Five miles north of Nederland, National Forest System Road (NFSR) 226, commonly known as Gordon Gulch, turns east off of Colorado Highway 72. NFSR 226 intersects other forest roads: NFSR 314, 228, 233 and their off-shoots. There are 15 numbered, designated campsites scattered along the road system within 1.5 miles east of Highway 72. Camping is permitted in designated sites only. Take care when driving in this area. Snow and mud can persist through most of the year. The free Boulder Ranger District Motor Vehicle Use Map displays National Forest System (NFS) routes open to motorized travel and is available online and at the Boulder Ranger District offfice.
So the Gordon Gulch dispersed camping area has around 15 numbered sites that are ok… but if you keep driving further down 233.1 you will find many more unnumbered campsites. I am reviewing one of these unnumbered campsites in particular, because this one had the best view. Before you read too far, I can't guarantee you will be able to reach this campsite without a 4X4 high clearance vehicle. We got to the site with a Jeep Wrangler and Toyota Tacoma TRD so we had no problems… I can't definitely say a Subaru would make it though. In the pictures I have included a map of the Gordon Gulch trail system. Entering through the Gordon Gulch entrance and taking 226.1 to 233.1 is the hardest route - there is one very steep and washed out spot. Entering via 120J/Switzerland Trail from the Peak to Peak Hwy and then turning right onto 233.1 is the easier option. On that map I have marked the general area of the campsite with a pink dot and here are the coordinates.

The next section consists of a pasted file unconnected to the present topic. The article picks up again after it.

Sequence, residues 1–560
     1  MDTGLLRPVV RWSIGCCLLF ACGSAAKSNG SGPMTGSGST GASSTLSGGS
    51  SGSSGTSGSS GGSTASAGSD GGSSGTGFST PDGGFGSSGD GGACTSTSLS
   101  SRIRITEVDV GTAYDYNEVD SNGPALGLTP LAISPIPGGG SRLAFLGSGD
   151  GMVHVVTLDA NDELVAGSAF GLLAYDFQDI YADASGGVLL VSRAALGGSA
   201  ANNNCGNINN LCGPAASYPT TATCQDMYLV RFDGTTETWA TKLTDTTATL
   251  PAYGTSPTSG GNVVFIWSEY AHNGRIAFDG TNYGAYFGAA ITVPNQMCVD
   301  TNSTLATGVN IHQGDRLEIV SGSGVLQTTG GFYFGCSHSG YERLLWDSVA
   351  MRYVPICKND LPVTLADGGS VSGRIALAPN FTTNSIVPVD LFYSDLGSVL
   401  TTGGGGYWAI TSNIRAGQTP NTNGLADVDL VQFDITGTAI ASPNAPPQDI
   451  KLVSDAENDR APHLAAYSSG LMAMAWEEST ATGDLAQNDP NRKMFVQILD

DMS: 40°01'18.5"N 105°28'37.6"W
DD: 40.021814, -105.477103 - if you type this into Google Maps it will locate it
As for the actual campsite, it is a great option for spring/fall camping in Colorado. The elevation is about 8,800 ft and it is on the south side of a hill so it gets a lot of sunlight and is protected from northern winds. In terms of privacy, there are no other campsites that can be seen from this one. However, Gordon Gulch is a popular off-roading area so dirt bikes and Jeeps pass by frequently. This campsite is set up high above and away from the road though, so it is really not that bad. Another thing to point out is that this is a popular area for shooting as well, so if you absolutely hate guns it may not be the place for you. Also, as stated before, this is a dispersed campsite the only thing it has is a fire ring. Pack it in, pack it out!
So, the camps themselves aren't anything spectacular but make for a really nice one maybe two nights to get out of Denver. The types of people camping up here can be sort of rough, my girlfriend and I were woken up at 4 AM by someone accidentally discharging a firearm, which the sheriff responded to.